It is a rare occurrence to have kids intentionally ingest something they know to be harmful to them. No kid is looking for a tummy-ache or trip to the emergency room. Rather, almost all accidental poisonings in children follow a similar script:
A Look at How Child Poisonings Happen
A) Child discovers something they assume is edible, and then
B) Parent discovers child consuming something they shouldn’t and reacts with the expected shock and horror, which is
C) Matched by equal shock/confusion on the part of the child. The bottom line is that the recurrent theme is that a lack of knowledge on the child’s part plays the primary role in accidental poisonings, and that means there is room for safety improvements.
Why children eat poisonous things
There are several reasons that a child might consume something poisonous:
- Mistaken identity: A child mistakes a poison for something else: Medicine capsules are mistaken for candy; an 8-year-old drinks Tiki lamp fuel after mistaking it for apple juice; an alcoholic beverage is mistaken for Kool-Aid. Mistaken identity is a common source of poisoning among older kids, and you’d be amazed at how often toxic items can look similar to other food or beverage products.
- Exploration: When encountering something new, infants and toddlers instinctually put it in their mouth to explore. This tendency diminishes in older children, but it never really goes away, especially if you’re dealing with something that looks edible, like a brightly colored liquid or rat poisoning pellets.
- Mimicry: A child mimics a behavior they see adults doing. This is a common theme in alcohol poisoning and the ingestion of medication. The child discovers the item and, not understanding the danger, wants to be like mommy or daddy or grandpa and act just like they do. Many people do not realize just how powerful the drive for mimicry is in children. Much in the same way they get satisfaction out of playing house, getting the opportunity to mimic adults in what they do is a pleasurable experience, and can have the same allure to a child that a piece of candy might.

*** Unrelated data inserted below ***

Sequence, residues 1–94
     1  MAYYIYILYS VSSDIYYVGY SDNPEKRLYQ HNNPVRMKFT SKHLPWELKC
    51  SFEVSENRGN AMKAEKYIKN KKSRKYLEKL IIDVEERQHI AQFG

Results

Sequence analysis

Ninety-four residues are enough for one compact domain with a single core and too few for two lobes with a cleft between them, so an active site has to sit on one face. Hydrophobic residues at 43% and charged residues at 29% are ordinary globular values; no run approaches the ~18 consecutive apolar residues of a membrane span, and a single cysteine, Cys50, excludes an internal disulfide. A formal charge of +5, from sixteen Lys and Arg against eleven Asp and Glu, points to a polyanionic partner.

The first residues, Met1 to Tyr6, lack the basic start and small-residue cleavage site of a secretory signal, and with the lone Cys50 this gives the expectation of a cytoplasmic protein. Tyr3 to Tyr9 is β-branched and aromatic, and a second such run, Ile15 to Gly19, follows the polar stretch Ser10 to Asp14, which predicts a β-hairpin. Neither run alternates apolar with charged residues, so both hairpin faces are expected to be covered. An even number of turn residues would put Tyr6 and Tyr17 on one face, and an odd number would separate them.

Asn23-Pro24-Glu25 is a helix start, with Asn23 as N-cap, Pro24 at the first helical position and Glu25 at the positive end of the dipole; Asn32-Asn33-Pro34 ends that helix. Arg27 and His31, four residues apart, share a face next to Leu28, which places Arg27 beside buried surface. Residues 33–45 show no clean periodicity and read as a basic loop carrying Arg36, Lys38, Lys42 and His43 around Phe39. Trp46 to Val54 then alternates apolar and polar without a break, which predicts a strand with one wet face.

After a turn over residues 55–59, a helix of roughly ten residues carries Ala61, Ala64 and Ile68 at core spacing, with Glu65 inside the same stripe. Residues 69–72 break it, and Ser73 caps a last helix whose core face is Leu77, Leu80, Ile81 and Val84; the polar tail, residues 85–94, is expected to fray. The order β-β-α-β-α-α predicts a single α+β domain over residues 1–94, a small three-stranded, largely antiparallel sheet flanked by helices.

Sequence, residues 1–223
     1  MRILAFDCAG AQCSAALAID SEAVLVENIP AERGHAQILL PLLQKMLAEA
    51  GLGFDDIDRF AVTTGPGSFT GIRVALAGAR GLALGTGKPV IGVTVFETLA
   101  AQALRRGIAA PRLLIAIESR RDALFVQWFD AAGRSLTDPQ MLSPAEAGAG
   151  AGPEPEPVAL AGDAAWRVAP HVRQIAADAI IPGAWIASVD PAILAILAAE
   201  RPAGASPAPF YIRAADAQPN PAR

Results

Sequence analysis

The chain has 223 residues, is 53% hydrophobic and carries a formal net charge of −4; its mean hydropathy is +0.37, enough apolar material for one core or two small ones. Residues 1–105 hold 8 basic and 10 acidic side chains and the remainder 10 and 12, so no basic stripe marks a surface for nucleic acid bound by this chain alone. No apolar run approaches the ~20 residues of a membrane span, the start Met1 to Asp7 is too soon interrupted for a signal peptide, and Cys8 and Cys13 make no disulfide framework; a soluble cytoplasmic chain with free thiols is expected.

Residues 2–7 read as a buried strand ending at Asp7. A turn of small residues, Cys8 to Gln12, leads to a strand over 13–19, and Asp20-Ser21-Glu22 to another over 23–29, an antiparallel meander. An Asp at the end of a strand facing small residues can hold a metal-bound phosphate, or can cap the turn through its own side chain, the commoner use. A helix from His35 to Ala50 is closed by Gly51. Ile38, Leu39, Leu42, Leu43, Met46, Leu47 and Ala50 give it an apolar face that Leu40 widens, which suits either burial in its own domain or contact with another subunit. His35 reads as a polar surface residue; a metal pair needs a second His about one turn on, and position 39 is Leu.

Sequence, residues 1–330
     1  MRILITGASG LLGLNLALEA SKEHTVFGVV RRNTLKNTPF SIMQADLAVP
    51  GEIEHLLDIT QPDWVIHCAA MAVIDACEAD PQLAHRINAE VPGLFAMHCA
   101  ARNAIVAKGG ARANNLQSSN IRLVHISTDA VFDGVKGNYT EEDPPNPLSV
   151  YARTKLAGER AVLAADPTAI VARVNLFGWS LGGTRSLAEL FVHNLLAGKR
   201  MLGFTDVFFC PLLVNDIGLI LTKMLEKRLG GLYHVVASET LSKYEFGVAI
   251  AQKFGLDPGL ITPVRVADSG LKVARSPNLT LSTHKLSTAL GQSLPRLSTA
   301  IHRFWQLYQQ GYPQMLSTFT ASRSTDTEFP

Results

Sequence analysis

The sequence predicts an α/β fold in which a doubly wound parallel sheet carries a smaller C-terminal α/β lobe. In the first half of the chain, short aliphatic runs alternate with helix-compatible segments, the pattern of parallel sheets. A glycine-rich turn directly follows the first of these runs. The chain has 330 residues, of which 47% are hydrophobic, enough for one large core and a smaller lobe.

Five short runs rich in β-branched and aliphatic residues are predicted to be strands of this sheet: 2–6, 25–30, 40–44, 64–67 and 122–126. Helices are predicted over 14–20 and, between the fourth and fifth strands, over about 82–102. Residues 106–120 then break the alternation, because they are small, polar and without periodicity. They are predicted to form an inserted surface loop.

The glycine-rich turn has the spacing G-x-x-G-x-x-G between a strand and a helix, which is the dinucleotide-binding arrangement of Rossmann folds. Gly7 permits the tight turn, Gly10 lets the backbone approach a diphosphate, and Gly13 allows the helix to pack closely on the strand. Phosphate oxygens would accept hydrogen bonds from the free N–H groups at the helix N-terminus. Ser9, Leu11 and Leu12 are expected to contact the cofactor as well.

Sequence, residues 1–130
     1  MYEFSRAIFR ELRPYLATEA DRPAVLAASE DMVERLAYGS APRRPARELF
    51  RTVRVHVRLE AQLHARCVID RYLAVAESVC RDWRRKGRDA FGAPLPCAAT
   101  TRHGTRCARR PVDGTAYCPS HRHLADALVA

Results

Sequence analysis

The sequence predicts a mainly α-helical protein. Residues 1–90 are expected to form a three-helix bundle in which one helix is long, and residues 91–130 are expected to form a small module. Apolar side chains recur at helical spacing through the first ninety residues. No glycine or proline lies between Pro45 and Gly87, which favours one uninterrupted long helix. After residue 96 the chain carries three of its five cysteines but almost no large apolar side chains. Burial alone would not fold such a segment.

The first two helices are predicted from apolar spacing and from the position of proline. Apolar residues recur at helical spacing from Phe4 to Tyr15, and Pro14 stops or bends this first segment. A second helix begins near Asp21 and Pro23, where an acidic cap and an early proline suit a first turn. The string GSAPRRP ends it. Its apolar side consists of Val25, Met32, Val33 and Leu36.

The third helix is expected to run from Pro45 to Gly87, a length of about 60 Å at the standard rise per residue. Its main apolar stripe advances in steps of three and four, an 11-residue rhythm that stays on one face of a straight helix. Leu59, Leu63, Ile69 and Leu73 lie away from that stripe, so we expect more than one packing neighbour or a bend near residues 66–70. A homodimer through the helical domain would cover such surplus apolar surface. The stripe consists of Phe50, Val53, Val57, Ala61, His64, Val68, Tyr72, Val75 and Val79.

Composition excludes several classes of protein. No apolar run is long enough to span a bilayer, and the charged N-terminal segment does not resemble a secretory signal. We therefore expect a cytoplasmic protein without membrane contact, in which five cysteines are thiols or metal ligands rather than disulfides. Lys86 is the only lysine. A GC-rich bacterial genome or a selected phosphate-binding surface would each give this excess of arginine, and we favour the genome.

- Pica: Pica is an eating disorder that drives people to crave otherwise inedible items. (You might have seen it dramatized on shows such as TLC’s Strange Addiction,’ which depicted women who ate toilet paper or dish detergent compulsively.) This condition is especially common in children, estimated to affect up to 30% of young children. Thus, a preschooler may be found chowing down on something an adult finds icky, disgusting or just plain weird. (Think about kids eating glue or paint as an example.) In childhood, pica is less a disorder and more of a general phase that 99.9% of kids will grow out of, but it still makes for a tumultuous time for parents, who must stay extra vigilant. Making matters worse, not all poisons, such as antifreeze, taste bad. Kids may find some dangerous things palatable.
What to do if you suspect a child has been poisoned:
- Grab the package and/or pill container, if you can find it, or lacking that, a sample of whatever your child has been eating. Having the package or a sample ready can help poison control identify the toxin and determine the proper course of action. If a child is unconscious and/or convulsing, skip poison control and just call 911 directly.
- If they still seem normal and coherent, call poison control first. Poison control will help you asses the problem and advise you on what to do next. A national poison control number is 1-800-222-1222.
- It is no longer recommended that parents self-administer Ipecac syrup, since it often does more harm than good. It has been known to cause seizures, and certain types of poison could do more harm coming back up again than they would in the stomach. Recent studies have also suggested that its benefits after a poisoning are minimal. If you would like to keep a bottle on hand just in case, you are free to do so, but DO NOT ADMINISTER IPECAC SYRUP UNLESS EXPLICITLY INSTRUCTED TO DO SO BY POISON CONTROL.